Telstra enables voice services across small cells

Telstra's small cells, being built across regional Australia under its federal government blackspot program obligations but using its own funding, are now voice enabled.
Written by Corinne Reichert, Contributor

Telstra has announced the addition of 4G voice services to its small cells being rolled out across rural and regional areas of Australia, with 50 sites having been activated thus far and another 10 locations due to be activated by June.

Until now, the small cells -- which are miniature base stations -- only provided data services, with voice coverage remaining unchanged in the under-served areas where they were being installed. Telstra flagged in June last year that it would be working on adding voice over LTE (VoLTE) technology to enable voice calling.

"This technology highlights the ongoing investments we are making in our mobile network for our rural customers," Telstra MD of Networks Mike Wright said on Monday.

"We know how important mobile voice calling is for local communities and businesses, and we are proud to be the first carrier in Australia to provide voice calling via 4G-only small cells."

Small cells are rolled out in areas where it is not economically viable to build a mobile tower, with the infrastructure providing faster and more reliable mobile connectivity for those living within up to 300 metres of the small cells.

While Telstra's commitment to installing small cells was made as part of the federal government's mobile blackspot program, it is using its own funding for the project.

"When we made our bid under Round One, our core objective was to maximise new coverage to regional communities, which is why we made this additional pledge to further expand mobile data services at our own expense," Wright explained in June last year.

"We worked closely with the federal government to identify the communities who were eligible for this small cell technology ... we will also continue to work with the government to identify further opportunities to deploy this innovative technology to more rural areas."

The miniature base stations have now been built out in 50 of the areas flagged by Telstra in June to receive the technology, with only the location of Neergabby, Western Australia, added.

Those already activated are in Bute, Caltowie, Coobowie, Farrell, Geranium, Gumeracha, Kangarilla, Kalangadoo, Lipson, Monash, Myponga, Pinery, Port MacDonnell, Spalding, Terowie, Truro, Wirrulla, and Yeelanna, South Australia; Bexhill, Bookham, Booral, Bukkulla, Bulga, Gunderman, Bunyah, Deepwater, Jiggi, Karuah, Liston, Main Arm, Taylors Arm, Wantabadgery, Watsons Creek, Wollomombi, and Wyndham, New South Wales; Cavendish, Cheshunt, Maroona, and Smeaton, Victoria; Bramston Beach, Binna Burra, and Hillview, Queensland; Colebrook, Lilydale, Sprent, and Yolla, Tasmania; and Calingiri, Kirup, Neergabby, and Tammin, Western Australia.

According to Telstra's list from last year, yet to be activated are the areas of Balgowan, Cape Jaffa Anchorage, Mintaro, Norton Summit, Port Neill, Sevenhill, Stockport, and Yundi, SA; and Ballimore, Bellbrook, Bostobrick, Brungle, Bunnan, Burrinjuck, Bylong, Chillingham, Euabalong, Euchareena, Gwabegar, Humula, Kulnura, Lower Portland, Modanville, Mogriguy, Old Grevillia, Rappville, Rugby, Rye Park, Tabulam, Tallimba, Tyringham, and Wollar, NSW.

Also as yet unactivated are the regions of Alva Beach, Avondale, Boreen Point, Cawarral, Cherbourg, Dingo SCAX, Hampton, Injinoo, Injune, Innot Hot Springs, Lake Tinaroo, Mena Creek, Moranbah Airport, Morven, Mourilyan Harbour, Mungallala, Murray Upper, Palmer River Roadhouse, Peranga, Reesville, River Ranch, Seisia, Severnlea, Tarzali, Tingoora, Umagico, Woorabinda, and Wowan, Queensland; and Adventure Bay, Avoca Exchange, Beechford, Nile Exchange, Swanwick, Weymouth, Borung, Cavendish, Cheshunt, Dargo, Darraweit Guim, Dartmouth Dam, Gellibrand, Hill End, Maroona, Navarre, Smeaton, Tarrawingee, Tooborac, and Traralgon South, Tasmania; and Coolup and Gingin West, WA.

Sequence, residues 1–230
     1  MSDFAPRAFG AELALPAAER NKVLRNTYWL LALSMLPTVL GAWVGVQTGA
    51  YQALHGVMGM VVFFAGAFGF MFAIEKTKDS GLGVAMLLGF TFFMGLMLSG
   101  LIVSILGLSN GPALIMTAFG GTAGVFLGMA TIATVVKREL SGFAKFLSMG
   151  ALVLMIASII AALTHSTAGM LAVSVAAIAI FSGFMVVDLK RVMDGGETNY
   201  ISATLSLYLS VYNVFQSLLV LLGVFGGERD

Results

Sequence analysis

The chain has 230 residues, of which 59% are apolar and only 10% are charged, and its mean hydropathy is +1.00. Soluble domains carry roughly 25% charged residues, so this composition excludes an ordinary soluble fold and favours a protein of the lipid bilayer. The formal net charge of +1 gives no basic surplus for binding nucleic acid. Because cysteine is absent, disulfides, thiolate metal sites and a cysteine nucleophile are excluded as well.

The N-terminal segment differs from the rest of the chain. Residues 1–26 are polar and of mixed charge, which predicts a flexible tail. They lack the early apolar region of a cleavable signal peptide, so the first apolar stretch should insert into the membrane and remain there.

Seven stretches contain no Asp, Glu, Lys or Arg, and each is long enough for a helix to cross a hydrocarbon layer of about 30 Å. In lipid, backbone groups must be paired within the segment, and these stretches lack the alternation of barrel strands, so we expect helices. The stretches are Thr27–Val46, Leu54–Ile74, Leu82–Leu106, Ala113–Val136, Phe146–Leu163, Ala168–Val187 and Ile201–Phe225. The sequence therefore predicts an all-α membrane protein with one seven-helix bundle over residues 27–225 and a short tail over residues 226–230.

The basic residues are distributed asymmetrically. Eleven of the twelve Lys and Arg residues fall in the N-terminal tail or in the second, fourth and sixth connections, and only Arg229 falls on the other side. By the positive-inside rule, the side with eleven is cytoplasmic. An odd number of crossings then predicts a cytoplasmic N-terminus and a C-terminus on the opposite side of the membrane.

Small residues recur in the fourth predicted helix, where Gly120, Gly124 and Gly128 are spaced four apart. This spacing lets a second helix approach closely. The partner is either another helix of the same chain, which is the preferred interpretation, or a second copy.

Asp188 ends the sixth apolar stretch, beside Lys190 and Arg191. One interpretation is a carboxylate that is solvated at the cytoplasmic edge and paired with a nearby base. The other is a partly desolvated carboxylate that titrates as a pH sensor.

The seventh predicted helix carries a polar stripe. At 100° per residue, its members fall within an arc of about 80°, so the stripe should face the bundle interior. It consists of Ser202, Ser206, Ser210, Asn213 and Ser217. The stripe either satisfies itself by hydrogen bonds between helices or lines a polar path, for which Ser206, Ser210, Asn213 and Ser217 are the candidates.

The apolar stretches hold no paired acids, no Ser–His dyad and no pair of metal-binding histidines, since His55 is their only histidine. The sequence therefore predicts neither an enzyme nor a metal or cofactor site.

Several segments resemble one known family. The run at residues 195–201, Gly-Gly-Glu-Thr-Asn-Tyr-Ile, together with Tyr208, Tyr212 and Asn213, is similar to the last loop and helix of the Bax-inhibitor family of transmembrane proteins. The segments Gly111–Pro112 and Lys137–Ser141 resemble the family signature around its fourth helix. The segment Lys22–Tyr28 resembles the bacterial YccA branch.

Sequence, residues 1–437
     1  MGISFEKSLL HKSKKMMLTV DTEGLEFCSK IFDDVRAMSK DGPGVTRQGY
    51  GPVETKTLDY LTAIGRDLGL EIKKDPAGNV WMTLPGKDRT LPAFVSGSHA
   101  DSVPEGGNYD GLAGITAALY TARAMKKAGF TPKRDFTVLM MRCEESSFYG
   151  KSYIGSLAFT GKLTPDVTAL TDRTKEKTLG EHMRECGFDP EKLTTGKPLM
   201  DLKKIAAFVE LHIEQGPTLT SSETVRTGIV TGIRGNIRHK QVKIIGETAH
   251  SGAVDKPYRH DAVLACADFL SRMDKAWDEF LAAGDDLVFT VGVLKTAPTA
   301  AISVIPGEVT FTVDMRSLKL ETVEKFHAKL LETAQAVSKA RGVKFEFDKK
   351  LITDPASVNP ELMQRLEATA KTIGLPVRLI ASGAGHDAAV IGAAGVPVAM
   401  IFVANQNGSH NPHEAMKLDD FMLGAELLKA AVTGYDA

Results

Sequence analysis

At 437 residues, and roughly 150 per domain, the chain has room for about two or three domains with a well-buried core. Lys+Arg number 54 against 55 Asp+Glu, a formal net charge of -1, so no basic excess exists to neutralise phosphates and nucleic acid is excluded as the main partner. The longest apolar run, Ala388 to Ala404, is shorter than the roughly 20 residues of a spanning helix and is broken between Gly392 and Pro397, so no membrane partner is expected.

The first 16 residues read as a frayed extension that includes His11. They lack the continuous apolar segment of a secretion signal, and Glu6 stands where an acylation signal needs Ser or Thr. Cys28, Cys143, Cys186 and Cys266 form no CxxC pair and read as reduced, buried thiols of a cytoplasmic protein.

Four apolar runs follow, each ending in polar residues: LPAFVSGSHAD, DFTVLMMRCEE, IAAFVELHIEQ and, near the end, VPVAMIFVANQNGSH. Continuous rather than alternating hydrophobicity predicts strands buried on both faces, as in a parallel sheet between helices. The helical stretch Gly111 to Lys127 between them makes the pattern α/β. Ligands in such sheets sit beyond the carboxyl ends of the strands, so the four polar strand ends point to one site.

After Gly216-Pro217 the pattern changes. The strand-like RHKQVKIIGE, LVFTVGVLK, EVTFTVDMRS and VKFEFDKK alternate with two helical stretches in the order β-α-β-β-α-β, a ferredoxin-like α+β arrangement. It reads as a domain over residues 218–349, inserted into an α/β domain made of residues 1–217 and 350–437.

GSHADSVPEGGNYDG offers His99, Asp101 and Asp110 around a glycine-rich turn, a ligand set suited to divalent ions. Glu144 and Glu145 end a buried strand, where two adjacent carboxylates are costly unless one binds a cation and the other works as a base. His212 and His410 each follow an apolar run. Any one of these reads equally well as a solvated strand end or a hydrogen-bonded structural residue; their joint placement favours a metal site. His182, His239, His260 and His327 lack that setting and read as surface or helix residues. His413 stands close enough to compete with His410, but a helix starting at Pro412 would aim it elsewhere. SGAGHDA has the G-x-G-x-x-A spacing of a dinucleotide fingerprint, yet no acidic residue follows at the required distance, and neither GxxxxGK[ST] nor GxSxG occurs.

None of Telstra's small cell locations in the Northern Territory have been activated either, but will cover Aileron Station, Aurora Kakadu Hotel/Roadhouse, Hay Creek Road-Stuart Highway, Jilkminggan Community-Roper Highway, Lake Bennett, Mcarthur-Carpenteria Highway, Renner Springs-Stuart Highway, and Tipperary Station Road.

Rival telecommunications carrier Optus has also been installing small cells across regional areas to boost mobile coverage, including in the Northern Territory, Western Australia, and South Australia, and will build 18 new mobile towers in a AU$8.2 million spend announced last week.

Under round two of the Australian government's mobile blackspots program, Optus will additionally be building 114 new mobile sites -- 49 small cells and 65 base stations -- while Telstra is responsible for 148, down from the 429 it was allocated under round one.

By comparison, Vodafone Australia will build out just four mobile base stations after being responsible for 70 under round one.

All three telcos last month also announced that they would be taking part in the Victorian government's AU$18 million Regional Rail Connectivity Project through which mobile coverage for railway commuters on the Geelong, Ballarat, Bendigo, Traralgon, and Seymour lines will be increased.

As part of the rail connectivity project, Telstra, Optus, and Vodafone will build out around 35 new mobile towers along the train lines, with completion due in 2018. They will also install reception repeaters on trains, enhancing the signal from mobile towers along the train lines.

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